The Lord reminds us that the only way to truly know someone for who they are is by the fruit that they bear.   Appearances are of no value to Him, but the heart is.   In the busyness and craziness of life, we often leave little time to look at people at the heart level.

I’m thankful for the little reminders that the Lord sends to me through my little garden.

Giving of Your Best

They were there to gather donations to fill the shelves of a local food pantry.  The boys, dressed in their troop uniforms, were greeting customers as they entered the grocery store.  Each patron received a flyer detailing what items were needed and then were sent on their way with a smile.

Many gave generously that day.  They maneuvered the aisles, their thoughts on those less fortunate, on those who were in need of even the most basic of supplies.  One cart after another was filled.  Cars were loaded with bright yellow shopping bags.  Many made cash donations.  It was a good day…a very good day.  The kind of day that renews your hope in humanity a bit.

How encouraging it was to see a group of young men working to benefit others, working to meet the tangible needs of those they may never meet face to face, may never speak to, may never know.  It was good to see their excitement, good to see their zeal, good to see their hard work.  It was also good to see the generosity of the local people.  They freely gave.  Some gave much, others gave little, but all gave.

That evening, my husband, who was assisting the troop that day, told me about an interesting encounter that he had earlier that day.  A middle-aged man had approached him during the course of the food drive.  After asking how much longer the boys would be working, the man made this comment:

“I will be back in just a bit.  I have some expired food at home that I’ve been looking to get rid of.  I’ll bring it back to donate”

My first instinct was to ask my husband if he was kidding.  He’s known to be a jokester.   But no sly smile crossed his face; no elfish grin emerged.  He was serious.

In all honesty, I instantly judged, criticized, and condemned this unknown man.  How insensitive and callous he was.   How blind he was to the needs of others.  He saw nothing wrong with tossing his leftovers, his expired goods, his garbage bound food, to those who had the simplest yet greatest need. Why not just go into the store and pick up a can of vegetables instead?  Why not simply walk past the collection sight like many others did that day?  Why would he offer less than his best?

One year has come and gone.  And as the troop prepares for this weekend’s food drive, I am reminded of that man.  With knee jerk reactions and condemnation  put aside, I turned my gaze inward.  Was I any different than that man?  Was I willing to give less than my best to others?  I didn’t have to ponder for long.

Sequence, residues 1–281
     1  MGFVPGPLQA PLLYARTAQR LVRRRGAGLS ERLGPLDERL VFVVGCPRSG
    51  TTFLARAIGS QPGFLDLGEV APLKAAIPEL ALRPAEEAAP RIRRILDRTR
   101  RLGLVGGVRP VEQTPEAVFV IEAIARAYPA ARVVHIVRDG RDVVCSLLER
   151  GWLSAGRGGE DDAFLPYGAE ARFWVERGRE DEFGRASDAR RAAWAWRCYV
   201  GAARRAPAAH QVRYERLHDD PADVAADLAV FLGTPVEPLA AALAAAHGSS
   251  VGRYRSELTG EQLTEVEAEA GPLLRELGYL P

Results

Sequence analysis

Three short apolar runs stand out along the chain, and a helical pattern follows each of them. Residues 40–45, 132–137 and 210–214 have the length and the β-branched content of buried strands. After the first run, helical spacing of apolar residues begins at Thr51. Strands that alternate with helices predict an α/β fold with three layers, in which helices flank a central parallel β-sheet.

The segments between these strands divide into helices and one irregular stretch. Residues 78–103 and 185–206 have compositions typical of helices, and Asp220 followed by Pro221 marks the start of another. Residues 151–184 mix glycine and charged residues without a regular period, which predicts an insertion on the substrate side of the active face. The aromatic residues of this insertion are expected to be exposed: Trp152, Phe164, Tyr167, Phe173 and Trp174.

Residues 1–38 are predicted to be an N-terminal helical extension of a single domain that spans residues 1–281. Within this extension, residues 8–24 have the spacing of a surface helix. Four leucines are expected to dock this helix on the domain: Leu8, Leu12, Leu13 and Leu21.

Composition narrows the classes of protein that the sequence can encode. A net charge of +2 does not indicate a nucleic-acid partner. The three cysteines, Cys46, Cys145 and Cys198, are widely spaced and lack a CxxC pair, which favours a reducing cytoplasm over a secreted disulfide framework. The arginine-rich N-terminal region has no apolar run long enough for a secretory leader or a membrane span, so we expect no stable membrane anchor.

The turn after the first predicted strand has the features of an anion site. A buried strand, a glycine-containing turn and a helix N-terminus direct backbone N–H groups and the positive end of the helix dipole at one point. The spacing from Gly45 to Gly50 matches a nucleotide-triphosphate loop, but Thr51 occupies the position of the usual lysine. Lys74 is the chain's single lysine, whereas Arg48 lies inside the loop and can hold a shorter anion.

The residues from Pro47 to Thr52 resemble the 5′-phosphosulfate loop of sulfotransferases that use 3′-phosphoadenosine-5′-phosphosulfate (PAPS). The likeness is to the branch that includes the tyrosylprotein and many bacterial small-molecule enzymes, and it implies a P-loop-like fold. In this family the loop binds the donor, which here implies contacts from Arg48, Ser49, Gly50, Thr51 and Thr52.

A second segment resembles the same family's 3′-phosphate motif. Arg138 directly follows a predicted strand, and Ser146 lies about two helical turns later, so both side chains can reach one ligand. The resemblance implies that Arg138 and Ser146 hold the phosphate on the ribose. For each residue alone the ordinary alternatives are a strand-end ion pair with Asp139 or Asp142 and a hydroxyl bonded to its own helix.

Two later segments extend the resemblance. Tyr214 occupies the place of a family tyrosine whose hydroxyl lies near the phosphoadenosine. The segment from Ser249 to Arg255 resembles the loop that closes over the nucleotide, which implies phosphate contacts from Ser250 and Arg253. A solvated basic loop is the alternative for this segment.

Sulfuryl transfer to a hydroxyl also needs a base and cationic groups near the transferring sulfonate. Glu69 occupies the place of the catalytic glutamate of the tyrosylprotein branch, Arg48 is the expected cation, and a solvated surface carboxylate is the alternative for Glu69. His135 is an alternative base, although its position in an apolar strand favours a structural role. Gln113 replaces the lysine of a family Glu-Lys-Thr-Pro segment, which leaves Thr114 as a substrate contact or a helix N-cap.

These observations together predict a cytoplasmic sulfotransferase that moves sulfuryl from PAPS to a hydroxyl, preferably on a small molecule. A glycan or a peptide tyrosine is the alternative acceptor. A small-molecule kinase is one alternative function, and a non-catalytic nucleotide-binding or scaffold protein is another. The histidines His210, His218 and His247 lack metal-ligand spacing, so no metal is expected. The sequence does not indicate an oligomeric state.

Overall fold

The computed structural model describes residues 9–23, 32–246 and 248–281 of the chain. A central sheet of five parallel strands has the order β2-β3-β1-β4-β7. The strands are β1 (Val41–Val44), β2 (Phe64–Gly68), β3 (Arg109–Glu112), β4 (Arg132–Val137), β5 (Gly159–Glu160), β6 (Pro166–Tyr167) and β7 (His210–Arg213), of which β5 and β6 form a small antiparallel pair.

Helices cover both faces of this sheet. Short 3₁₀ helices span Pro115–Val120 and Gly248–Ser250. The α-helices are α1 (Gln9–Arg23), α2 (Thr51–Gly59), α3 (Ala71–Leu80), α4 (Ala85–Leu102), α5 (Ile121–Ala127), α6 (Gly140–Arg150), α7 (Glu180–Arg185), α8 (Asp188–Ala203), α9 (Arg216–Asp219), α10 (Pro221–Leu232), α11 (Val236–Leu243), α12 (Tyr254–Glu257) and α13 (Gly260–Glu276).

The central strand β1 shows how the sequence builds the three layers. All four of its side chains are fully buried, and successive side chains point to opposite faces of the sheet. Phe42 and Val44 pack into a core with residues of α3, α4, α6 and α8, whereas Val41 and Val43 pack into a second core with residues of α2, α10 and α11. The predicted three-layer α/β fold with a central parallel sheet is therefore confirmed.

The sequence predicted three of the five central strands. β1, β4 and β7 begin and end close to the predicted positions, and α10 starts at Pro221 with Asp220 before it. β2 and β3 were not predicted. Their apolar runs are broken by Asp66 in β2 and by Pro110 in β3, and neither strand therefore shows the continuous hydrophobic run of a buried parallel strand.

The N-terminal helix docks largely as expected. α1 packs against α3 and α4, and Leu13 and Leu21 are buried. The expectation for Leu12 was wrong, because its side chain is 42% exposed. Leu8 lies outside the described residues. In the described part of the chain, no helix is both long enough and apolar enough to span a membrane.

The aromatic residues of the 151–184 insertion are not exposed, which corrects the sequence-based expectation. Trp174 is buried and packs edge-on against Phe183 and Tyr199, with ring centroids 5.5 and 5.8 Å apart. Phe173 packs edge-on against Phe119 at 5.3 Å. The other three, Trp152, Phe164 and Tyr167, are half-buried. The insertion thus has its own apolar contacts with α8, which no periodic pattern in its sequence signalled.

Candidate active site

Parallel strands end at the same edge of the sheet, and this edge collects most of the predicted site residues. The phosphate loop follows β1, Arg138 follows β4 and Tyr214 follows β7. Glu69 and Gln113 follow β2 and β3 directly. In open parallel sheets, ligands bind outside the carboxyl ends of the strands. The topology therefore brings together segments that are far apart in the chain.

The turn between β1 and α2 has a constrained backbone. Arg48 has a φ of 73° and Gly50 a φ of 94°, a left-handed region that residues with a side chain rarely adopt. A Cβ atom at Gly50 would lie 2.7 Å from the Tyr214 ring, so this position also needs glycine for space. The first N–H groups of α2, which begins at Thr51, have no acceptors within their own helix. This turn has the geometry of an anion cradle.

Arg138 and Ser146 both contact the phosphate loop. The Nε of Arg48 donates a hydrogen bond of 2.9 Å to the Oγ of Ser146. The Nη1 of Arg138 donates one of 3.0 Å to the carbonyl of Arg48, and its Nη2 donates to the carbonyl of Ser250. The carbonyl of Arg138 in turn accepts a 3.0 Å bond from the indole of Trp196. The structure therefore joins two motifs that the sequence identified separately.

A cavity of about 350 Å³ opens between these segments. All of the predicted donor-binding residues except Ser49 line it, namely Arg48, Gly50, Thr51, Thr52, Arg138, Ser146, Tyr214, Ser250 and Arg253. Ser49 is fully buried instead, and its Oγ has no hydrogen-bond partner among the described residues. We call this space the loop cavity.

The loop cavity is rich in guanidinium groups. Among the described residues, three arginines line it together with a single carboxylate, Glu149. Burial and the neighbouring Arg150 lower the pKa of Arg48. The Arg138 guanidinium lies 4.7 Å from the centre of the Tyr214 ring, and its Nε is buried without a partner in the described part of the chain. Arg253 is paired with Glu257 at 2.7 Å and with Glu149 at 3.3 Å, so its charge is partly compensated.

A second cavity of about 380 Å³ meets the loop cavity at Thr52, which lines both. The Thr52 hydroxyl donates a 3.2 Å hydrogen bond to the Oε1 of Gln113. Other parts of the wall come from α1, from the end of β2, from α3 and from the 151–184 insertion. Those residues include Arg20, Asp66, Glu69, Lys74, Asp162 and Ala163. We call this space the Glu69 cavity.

I remembered the time that I was rummaging through my boys old clothes.  I wanted to clear out everything that no longer fit or was in poor condition.  I systematically sorted the clothes into two piles.  One pile contained clothing that was still in good condition; I had planned to pass these pieces along to a friend.  The second pile was filled with everything else: stains, tears, wear, fraying.  I must admit that I bagged up that second pile of clothes and dumped them into a collection box.  I never gave thought to the young man that would be wearing that stained shirt or the woman who would be modeling those frayed pants, or the child who would be dressed in rags.  I gave them my garbage and never thought otherwise.

I was no different than that man.

Imagine if I had simply gone to the store and picked up a new piece of clothing…tags still on.  It wouldn’t need to be fancy or expensive.  I’m a great bargain shopper.  Surely I could have picked up something nice for merely a few dollars.  I’m sure we could have forgone a bag of chips that week or a cup of coffee.  Imagine the reaction of some one in need, someone who likely never has worn a new piece of clothing.  Imagine them, imagine the look on their face and the swell in their heart.  I wish I could have retrieved my less than best bag and substituted it with one new item.  I can’t look back, but I can look ahead.

Keeping the best for ourselves is nothing short of selfish and completely out of step with how the Lord wants us to live our lives.  The Lord who gives abundantly, who showers us with blessing upon blessing, who provides for each and every need, has not created us to live selfish, self-centered lives:

  • And do not forget to do good and to share with others, for with such sacrifices God is pleased. Hebrews 13:16
  • My command is this: Love each other as I have loved you. John 15:12
  • not looking to your own interests but each of you to the interests of the others.  Philippians 2:4
  • Whoever is kind to the poor lends to the Lord,  and he will reward them for what they have done.  Proverbs 19:17
  • The generous will themselves be blessed,  for they share their food with the poor.  Proverbs 22:9
  • Share with the Lord’s people who are in need. Practice hospitality.  Romans 12:13
  • You must present as the LORD’s portion the best and holiest part of everything given to you.’  Numbers 18:29

Give of your best and nothing less.